Hence, growth opportunities were less significant with respect to
capital structure in the times of decline.
Profitability: In the times
of crisis, importance of profitability increased with respect to determination
of capital structure because a more profitable firm is in a better position to
pay off its debts.
profitability played an important role in determining capital structure during
Tangibility: Due to lack of
liquidity with banks, they preferred issuing debt, which is secured by
collateral, which gives more certainty to the banks, thus there was a positive
relationship between tangibility and leverage.
tangibility played an important role in determination of capital structure in
the times of crisis.
Mr. Khodavandloo, Mr. Zakaria and Mr. Nassir in 2017 conducted a study on the impact
of financial crisis on the capital structure and firm performance of trading
and service sector firms in Malaysia using simple regression and
cross-sectional analyses. The study revealed that the financial leverage has a
strong negative impact on the firms’ performance, which heightened during the
The firms are classified as high leverage meaning that the firm
have higher debt component as compared to equity and low leverage indicating a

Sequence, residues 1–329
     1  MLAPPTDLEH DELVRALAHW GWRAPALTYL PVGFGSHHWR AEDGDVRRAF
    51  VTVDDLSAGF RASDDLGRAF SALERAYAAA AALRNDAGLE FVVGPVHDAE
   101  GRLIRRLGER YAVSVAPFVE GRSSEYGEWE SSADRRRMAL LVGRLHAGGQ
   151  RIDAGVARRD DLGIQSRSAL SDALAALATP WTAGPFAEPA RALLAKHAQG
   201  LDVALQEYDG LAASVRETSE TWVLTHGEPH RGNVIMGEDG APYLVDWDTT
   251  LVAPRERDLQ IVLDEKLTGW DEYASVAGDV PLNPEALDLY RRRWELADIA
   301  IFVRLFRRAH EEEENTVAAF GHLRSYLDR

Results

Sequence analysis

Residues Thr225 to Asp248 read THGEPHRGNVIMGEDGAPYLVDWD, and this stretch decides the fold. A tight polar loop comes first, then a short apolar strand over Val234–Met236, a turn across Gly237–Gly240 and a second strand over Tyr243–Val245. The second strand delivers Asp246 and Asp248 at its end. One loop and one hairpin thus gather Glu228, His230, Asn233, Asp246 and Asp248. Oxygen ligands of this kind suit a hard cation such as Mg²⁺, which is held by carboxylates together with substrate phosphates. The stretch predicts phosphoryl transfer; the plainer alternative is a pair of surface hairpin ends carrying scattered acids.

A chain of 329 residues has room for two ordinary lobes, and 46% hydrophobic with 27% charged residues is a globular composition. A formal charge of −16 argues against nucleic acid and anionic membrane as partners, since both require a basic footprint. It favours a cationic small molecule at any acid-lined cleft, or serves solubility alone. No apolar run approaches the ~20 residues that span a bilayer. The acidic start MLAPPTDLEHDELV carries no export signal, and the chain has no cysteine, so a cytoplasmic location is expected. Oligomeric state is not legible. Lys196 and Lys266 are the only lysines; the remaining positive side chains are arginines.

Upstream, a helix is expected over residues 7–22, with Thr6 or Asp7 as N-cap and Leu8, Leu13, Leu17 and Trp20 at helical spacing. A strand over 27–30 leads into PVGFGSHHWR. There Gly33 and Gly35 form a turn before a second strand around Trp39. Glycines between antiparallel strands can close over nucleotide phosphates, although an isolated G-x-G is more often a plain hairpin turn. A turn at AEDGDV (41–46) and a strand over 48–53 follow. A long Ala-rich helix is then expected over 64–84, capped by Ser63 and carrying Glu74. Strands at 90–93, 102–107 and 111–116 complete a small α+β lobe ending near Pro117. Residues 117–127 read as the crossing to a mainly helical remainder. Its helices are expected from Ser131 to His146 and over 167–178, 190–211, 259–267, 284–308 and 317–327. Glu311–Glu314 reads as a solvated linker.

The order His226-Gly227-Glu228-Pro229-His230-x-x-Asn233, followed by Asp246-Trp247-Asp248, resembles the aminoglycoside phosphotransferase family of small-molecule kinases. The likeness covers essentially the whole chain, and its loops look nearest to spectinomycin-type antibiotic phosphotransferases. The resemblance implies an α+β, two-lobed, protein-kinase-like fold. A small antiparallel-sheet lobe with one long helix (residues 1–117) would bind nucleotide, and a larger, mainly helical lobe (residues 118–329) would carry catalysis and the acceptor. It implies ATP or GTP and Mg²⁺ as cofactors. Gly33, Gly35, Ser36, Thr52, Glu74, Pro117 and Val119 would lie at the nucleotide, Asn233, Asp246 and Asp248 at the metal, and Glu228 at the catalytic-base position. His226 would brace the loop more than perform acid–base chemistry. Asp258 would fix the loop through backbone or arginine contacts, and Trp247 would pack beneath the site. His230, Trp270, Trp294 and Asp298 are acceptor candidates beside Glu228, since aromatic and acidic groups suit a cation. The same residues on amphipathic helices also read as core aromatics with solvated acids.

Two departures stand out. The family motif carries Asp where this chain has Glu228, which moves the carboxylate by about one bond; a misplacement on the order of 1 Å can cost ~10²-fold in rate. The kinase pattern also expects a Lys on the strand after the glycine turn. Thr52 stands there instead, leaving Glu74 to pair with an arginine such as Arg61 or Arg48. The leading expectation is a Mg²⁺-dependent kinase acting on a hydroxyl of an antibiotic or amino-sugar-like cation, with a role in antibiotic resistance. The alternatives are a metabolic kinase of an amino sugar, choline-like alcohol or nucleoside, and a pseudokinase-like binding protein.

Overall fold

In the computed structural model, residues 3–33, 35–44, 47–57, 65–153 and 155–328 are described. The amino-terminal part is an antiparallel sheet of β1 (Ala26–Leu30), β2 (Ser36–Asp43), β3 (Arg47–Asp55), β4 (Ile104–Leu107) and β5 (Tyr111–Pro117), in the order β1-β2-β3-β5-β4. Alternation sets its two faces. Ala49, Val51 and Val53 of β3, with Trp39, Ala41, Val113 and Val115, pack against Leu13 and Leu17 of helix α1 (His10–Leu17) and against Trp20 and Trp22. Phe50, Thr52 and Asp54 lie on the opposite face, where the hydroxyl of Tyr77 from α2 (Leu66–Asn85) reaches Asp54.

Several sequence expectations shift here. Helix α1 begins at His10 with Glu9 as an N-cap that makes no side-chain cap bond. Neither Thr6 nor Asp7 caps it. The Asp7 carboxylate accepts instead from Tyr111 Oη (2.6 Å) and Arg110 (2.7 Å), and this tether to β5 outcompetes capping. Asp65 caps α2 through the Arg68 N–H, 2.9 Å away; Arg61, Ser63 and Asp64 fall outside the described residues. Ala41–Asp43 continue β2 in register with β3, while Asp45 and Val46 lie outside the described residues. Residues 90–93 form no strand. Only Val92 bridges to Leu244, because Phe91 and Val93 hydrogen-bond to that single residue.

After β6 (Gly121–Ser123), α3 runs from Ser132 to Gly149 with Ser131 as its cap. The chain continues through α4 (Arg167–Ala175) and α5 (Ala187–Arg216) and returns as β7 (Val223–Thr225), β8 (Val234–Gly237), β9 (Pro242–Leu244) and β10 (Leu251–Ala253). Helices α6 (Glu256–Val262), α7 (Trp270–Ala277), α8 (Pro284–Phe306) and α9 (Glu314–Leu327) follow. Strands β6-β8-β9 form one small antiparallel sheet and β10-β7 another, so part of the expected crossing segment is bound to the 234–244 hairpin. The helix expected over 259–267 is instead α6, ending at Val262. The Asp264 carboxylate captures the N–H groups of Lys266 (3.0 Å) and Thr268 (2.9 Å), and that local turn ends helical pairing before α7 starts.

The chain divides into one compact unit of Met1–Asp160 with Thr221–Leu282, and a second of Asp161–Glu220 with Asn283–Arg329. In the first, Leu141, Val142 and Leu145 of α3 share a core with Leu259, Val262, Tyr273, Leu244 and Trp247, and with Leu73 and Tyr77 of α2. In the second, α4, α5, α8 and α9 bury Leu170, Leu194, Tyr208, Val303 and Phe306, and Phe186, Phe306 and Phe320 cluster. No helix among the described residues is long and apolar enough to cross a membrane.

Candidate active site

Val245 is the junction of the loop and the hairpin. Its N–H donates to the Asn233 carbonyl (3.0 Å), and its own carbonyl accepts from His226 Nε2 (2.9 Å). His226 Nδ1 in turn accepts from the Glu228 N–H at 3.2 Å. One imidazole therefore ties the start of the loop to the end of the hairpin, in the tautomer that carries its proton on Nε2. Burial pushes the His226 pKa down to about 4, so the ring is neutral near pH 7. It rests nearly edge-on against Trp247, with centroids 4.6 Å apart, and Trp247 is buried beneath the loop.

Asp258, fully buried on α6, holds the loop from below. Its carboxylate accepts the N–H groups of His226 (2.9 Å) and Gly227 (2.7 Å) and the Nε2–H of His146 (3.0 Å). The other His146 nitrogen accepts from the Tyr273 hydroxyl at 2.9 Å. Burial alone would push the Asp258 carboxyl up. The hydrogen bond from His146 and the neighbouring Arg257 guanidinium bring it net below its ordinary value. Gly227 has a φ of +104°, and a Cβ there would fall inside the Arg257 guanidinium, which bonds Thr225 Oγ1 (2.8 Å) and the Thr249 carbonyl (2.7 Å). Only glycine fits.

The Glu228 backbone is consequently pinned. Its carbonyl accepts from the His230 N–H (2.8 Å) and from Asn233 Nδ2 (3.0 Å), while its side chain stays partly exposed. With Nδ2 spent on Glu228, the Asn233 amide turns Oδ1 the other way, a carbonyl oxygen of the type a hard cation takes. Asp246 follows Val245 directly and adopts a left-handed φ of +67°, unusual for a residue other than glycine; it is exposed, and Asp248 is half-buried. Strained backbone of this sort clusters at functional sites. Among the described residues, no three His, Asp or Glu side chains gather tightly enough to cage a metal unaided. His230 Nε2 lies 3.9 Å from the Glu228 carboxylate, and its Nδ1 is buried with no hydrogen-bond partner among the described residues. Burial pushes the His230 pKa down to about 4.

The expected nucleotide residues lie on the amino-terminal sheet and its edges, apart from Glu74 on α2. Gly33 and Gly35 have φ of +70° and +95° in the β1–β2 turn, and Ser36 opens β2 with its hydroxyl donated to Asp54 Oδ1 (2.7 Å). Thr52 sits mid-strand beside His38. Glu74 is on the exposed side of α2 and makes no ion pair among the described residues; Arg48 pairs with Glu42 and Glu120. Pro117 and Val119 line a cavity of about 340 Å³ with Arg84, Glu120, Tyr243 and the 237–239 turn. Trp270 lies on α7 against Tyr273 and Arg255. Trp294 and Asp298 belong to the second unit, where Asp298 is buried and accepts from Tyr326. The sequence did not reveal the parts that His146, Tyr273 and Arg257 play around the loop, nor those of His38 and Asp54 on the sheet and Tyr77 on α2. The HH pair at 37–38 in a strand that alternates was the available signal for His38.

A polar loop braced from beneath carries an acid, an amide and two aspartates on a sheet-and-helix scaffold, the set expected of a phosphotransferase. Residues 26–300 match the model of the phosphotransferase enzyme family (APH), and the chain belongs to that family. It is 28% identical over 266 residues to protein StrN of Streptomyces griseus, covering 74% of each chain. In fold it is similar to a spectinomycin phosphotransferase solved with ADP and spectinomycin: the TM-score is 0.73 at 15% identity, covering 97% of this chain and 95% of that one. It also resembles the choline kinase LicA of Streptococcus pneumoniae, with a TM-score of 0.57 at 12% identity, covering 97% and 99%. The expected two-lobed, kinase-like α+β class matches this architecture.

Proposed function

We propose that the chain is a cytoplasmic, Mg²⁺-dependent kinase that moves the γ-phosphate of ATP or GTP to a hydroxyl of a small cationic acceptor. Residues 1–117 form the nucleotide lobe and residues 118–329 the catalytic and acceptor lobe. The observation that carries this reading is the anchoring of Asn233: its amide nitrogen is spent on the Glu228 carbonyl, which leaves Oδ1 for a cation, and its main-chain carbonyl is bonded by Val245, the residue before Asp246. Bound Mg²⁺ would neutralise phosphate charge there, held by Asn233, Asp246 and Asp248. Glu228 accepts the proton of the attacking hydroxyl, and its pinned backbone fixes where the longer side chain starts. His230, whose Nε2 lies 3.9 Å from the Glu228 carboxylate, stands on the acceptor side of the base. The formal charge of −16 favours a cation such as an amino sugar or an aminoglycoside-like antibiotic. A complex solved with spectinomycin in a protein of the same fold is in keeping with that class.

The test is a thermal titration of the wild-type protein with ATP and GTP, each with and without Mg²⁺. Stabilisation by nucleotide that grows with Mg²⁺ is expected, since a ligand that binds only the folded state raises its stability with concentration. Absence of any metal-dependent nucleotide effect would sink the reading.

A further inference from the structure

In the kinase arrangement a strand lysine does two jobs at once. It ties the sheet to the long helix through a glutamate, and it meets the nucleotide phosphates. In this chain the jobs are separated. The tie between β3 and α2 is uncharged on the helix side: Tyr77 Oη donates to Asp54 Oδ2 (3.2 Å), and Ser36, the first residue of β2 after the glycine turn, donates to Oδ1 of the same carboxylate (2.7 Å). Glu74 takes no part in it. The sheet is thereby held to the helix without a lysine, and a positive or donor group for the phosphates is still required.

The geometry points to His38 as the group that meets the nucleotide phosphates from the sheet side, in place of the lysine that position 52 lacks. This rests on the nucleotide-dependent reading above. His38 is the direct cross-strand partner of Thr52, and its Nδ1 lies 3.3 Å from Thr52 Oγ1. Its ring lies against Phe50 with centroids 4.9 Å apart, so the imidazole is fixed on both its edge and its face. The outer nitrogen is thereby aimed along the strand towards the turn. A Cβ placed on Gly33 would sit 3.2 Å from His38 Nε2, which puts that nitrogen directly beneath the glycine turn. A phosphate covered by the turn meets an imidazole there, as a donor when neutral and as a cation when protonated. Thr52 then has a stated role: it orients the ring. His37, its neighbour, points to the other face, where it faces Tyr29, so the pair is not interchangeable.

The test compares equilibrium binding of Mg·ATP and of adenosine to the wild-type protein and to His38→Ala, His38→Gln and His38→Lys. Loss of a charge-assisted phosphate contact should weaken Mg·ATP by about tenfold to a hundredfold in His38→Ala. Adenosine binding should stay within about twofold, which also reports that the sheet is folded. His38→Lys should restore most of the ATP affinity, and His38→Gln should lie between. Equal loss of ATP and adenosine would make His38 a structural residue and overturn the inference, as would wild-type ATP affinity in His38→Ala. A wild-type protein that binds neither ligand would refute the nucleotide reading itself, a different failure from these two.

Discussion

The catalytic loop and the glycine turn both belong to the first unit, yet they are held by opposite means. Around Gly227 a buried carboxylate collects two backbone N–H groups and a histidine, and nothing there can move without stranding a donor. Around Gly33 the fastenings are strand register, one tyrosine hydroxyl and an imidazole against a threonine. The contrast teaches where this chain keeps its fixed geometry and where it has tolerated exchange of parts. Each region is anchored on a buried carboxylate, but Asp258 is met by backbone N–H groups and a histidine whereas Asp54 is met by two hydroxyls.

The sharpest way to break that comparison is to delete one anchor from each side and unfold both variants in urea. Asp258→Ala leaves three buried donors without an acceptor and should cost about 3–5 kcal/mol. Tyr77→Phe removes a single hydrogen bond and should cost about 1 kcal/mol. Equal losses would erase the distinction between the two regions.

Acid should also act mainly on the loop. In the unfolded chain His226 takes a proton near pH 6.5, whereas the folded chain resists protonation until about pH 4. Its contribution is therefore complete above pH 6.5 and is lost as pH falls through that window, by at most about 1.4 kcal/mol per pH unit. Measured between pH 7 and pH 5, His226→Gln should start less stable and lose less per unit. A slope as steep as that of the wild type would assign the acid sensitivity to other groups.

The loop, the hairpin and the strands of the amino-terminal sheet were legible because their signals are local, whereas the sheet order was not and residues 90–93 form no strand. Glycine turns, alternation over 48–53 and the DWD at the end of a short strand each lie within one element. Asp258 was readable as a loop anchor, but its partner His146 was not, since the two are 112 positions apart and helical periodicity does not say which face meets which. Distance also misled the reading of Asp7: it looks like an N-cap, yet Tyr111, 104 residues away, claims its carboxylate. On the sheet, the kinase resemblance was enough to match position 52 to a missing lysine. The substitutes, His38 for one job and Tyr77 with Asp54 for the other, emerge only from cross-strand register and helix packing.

lower debt when compared to equity. Both
type of firms showed a decline in their debt component during the time of
crisis but decrease in high leverage firm (88.57 point) was higher than that of
low leverage firm (11.54 point). Post crisis also firms were conservative in
funding via debts indicated by dropping debt-equity ratio. Analysis also
revealed that low leverage firms performed better than high leverage firms. The
difference between the performances increased during the crisis period and
reduced thereafter. The margin between the performance of low leverage and high
leverage firm are calculated as: before crisis- 11.7%; crisis- 6.5% and after
De Vries conducted a study on the impact of South African recession caused
by the financial crisis, 2008 on the capital structure of the South African
firms, using the panel data methodology. The analysis revealed that the crisis
had a strong negative impact on the firms and the financial managers very
efficiently adjusted their capital structures in response to the circumstances
they were exposed to.
The crisis of 2008 had a significant impact on the capital structures
of the South African firms due to which necessary capital adjustments had to be
considered to adapt to the new circumstances. There was a steep fall in the
credit extension by banks during the time of crisis. This is because during the
time of crisis more and more firms started to default on their loans and banks were